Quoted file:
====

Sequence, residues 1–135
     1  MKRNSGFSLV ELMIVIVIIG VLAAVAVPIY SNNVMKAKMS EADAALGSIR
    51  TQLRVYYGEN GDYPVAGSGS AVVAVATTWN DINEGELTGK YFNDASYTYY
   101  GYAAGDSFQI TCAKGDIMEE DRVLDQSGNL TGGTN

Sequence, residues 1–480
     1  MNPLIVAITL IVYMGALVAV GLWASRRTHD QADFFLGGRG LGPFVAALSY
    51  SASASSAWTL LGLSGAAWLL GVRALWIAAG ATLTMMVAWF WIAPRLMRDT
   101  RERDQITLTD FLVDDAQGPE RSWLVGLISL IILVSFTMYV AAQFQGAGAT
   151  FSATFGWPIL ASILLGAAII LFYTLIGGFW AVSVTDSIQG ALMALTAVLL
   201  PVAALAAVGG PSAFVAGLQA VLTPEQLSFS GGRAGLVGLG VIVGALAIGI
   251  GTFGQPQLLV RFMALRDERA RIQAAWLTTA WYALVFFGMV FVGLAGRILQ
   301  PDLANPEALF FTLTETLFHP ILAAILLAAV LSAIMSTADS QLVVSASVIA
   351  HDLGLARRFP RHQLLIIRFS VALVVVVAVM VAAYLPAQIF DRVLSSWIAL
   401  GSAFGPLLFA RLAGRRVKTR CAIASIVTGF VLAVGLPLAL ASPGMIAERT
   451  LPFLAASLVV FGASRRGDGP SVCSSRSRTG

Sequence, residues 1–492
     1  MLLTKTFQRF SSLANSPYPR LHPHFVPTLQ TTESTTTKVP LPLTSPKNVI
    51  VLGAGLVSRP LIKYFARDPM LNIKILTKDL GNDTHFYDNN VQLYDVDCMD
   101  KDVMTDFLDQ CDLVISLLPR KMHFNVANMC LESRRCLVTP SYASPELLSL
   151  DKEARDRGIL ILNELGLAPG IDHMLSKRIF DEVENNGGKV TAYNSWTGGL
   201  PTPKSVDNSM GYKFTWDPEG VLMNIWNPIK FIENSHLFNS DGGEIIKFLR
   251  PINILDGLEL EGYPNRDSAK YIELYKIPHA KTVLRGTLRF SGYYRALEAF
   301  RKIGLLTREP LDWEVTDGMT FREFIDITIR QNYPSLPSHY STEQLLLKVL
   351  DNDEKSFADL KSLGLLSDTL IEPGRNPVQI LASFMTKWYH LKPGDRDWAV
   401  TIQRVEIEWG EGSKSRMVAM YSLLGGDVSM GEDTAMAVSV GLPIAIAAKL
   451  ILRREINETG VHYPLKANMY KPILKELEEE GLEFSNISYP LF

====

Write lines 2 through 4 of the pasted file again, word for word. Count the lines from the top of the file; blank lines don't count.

     1  MKRNSGFSLV ELMIVIVIIG VLAAVAVPIY SNNVMKAKMS EADAALGSIR
    51  TQLRVYYGEN GDYPVAGSGS AVVAVATTWN DINEGELTGK YFNDASYTYY
   101  GYAAGDSFQI TCAKGDIMEE DRVLDQSGNL TGGTN